Like all of us do, Lawrence Miller aimed to be happy in retirement. And when he was 54, he decided it was time. He would quit working and, according to conventional wisdom, finally start really enjoying himself. He sold his consulting firm and was ready to let enormous life satisfaction pump him up.
Except it didn't. Once Miller was free from the daily grind, the only thing he felt was unfulfilled, even though he was literally living the stereotypical retirement dream of sailing the world. He missed helping his clients, and he missed improving himself, too. Some solo consulting for a while helped, but he soon realized he wanted something different.
The solution? Teaching online through Udemy.
Enjoying life through the gig economy
"Udemy does two things for me," Miller explains. "First, it allows me to share my knowledge and experience without the demands of travel. I have 47 years of experience helping organizations change their culture and performance. I can now share that online. Second, it has forced me to develop new skills. It is a new challenge to develop the skills of developing effective online presentations and courses. This is a new muscle to exercise, a new opportunity for growth and experimentation."
And Miller isn't the only baby boomer using the gig economy to find happiness later in life. A Prudential survey showed that a third of people working exclusively in the gig economy are boomers, and that 3 out of 4 of them like and don't want to change their work situation. Miller hypothesizes this might be because the gig economy allows individuals to use their strengths and gain self-esteem from contributing, minus the demands to conform to bureaucratic pressures. He further asserts that Americans need to face the reality that systems like Social Security and Medicare will collapse if every boomer calls it quits at the "nonsensical" age of 65. There's zero reason to stop sharing, he says, if you're physically and mentally able to give.
"I am essentially against retirement as it is promoted in our culture. When you shut down your brain, when you cease exercising the intellectual muscle, you begin the process of death. Most of us will live well into our eighties. The idea that at the magical age of 65 you are supposed to shut down your brain is an insane waste of human capital. Most of us who are in the knowledge economy are at our peak of intellectual skills and value when we are condemned to retirement. One could argue that this is a form of age-based genocide.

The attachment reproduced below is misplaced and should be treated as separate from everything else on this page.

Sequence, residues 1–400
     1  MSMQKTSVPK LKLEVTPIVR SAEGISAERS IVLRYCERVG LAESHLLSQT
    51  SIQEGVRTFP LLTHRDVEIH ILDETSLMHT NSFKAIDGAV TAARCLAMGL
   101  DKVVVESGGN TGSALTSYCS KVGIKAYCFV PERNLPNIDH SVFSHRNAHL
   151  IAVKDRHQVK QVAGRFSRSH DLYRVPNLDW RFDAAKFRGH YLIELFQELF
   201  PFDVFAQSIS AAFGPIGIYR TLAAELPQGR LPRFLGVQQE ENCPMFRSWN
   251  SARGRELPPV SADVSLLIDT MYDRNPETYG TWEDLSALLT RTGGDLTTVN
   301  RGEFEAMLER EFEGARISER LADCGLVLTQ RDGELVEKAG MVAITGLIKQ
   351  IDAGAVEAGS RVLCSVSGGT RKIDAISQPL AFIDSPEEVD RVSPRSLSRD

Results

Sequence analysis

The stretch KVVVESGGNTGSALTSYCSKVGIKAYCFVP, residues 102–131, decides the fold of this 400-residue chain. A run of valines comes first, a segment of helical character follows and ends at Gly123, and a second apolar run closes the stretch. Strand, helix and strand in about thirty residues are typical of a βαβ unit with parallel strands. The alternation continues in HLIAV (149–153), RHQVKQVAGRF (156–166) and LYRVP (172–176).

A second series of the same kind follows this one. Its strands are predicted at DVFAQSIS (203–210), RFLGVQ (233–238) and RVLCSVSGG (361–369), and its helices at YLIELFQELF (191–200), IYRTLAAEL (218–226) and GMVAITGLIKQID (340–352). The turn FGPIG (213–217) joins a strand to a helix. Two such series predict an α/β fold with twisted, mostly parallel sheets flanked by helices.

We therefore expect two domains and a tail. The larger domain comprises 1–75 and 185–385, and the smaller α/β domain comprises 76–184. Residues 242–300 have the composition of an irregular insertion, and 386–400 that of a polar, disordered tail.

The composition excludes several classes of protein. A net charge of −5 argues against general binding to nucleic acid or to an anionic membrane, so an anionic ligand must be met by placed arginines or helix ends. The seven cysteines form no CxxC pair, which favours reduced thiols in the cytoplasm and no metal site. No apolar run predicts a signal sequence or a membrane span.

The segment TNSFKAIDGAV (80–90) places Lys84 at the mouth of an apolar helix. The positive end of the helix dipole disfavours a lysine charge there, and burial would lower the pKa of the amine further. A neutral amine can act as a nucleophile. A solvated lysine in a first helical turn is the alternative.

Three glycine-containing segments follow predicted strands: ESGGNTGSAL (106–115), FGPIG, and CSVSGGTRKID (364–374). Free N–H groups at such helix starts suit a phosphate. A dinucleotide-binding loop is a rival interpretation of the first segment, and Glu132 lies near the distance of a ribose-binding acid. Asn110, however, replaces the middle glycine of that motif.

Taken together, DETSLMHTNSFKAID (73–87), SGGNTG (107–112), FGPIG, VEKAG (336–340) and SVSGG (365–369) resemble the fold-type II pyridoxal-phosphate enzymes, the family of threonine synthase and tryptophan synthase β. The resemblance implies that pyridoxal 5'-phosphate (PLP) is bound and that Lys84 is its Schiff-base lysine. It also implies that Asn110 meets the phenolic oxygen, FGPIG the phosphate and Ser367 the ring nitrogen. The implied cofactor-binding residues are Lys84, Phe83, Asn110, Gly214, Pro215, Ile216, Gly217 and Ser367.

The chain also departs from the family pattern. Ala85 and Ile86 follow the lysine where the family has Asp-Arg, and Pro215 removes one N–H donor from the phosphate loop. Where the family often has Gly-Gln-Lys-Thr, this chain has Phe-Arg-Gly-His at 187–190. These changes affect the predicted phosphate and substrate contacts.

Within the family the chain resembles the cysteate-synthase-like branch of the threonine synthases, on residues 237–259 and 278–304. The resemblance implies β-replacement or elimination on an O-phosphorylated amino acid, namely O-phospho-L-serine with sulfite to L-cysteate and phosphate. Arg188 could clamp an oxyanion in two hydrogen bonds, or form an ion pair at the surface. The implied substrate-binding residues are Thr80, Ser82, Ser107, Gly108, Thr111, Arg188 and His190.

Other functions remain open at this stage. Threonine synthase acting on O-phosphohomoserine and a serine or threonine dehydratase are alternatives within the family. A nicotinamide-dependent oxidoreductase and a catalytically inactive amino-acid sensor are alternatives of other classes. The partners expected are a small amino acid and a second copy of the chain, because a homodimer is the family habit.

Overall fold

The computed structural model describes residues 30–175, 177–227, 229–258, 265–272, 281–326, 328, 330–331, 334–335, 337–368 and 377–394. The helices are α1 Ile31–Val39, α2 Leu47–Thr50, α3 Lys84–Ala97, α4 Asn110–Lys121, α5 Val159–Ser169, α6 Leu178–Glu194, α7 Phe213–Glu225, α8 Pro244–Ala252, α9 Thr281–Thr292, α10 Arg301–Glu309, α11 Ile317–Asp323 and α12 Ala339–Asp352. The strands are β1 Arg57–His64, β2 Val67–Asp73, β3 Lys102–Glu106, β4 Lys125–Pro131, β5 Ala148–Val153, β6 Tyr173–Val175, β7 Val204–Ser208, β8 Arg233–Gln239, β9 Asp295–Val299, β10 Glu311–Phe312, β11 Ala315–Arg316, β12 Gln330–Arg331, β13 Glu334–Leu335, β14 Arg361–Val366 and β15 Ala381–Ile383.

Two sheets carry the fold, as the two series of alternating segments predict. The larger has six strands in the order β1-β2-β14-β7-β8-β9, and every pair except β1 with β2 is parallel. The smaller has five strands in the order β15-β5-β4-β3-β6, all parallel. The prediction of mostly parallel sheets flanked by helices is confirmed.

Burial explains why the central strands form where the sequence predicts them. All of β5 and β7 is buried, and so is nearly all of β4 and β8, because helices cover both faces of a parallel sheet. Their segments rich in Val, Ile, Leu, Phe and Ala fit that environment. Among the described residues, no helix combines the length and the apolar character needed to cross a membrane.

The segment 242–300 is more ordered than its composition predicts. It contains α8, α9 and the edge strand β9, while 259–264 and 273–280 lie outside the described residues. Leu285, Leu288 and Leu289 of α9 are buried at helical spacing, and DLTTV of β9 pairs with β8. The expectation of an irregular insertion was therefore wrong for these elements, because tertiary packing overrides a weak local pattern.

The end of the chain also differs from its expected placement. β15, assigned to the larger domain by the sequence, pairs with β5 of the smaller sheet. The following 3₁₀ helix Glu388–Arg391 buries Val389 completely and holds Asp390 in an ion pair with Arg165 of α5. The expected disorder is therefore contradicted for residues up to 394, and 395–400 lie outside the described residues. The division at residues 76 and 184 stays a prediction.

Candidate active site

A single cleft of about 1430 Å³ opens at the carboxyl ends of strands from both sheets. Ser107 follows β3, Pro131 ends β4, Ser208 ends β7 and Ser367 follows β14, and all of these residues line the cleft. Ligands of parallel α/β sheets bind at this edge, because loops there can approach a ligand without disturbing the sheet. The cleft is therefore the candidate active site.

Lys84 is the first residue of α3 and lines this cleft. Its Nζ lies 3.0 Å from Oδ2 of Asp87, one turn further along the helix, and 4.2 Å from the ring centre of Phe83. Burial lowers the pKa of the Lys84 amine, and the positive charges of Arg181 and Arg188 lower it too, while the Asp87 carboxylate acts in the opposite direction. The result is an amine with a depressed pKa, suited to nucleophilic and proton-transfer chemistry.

Other cultures, like the Native American cultures, have honored and valued the elderly and sought their wisdom. Current western culture has worshipped youth and dismissed what I will call the "mature" generation. There is great value in the energy of youth. But, there is also great value in lessons well learned by those of an older generation."
A statistical portrait of need--and hope
Frank Visciano, Udemy's VP of Marketplace Content and Operations, says that the world's best teachers aren't always found in traditional classrooms. Diversity, he says, makes Udemy better, and the company welcomes expertise from all ages and backgrounds. And with Udemy now serving 17 million students through 55,000 classes and 60 different languages, Visciano acknowledges that the platform is in a good position to make a positive difference for older workers.
"More and more Americans are finding they need to spend their golden years working because of longer lifespans and increased expenses," Visciano says. "Almost 19% of people 65 of older were working at least part time according to a recent U.S. jobs report. It may be hard for workers nearing the age of retirement to find employment in their chosen careers (even those with a college degree have less than a 50% chance of finding a job as compared with 35% for those without degrees), and Udemy offers a flexible opportunity to remain vital and productive in a retiree's respective field. For many, retirement is a welcome opportunity to focus on your true passion and still make a contribution to society, on your terms. On Udemy, we see retirees refining their skills for various pursuits, deeping writing skills--or coding--and increasingly, those with the motivation and time are creating online courses, teaching and sharing their expertise."
Visciano adds that about 70 percent of Udemy content relates to professional skills. While this means young individuals can get a great foundation for their careers, it also means that there are many different options for those with experience to help out while earning a paycheck. And personal transformation classes--for example, a class that teaches you how to play piano--are growing in popularity, too. This demonstrates that people don't just want to gain skills. They want to be better and keep exploring, no matter their age.
Many of us look forward to retirement as a time when we can slow down and take life in leisure. It's that leisure and choice that's supposed to satisfy. But cases like Miller's suggest that happiness when you're older comes from feeling confident that you still have a purpose, from continuing to discover and connect with others. Meaningful work can be a way to access that confidence. The wonderful thing is, what you do and how, when and where you work can be entirely up to you.